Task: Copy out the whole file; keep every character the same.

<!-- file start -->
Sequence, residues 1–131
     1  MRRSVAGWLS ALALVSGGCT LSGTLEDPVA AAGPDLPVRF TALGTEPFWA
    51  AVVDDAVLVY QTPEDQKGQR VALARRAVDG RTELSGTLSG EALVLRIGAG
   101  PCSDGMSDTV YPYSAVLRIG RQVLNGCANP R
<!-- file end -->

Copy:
Sequence, residues 1–131
     1  MRRSVAGWLS ALALVSGGCT LSGTLEDPVA AAGPDLPVRF TALGTEPFWA
    51  AVVDDAVLVY QTPEDQKGQR VALARRAVDG RTELSGTLSG EALVLRIGAG
   101  PCSDGMSDTV YPYSAVLRIG RQVLNGCANP R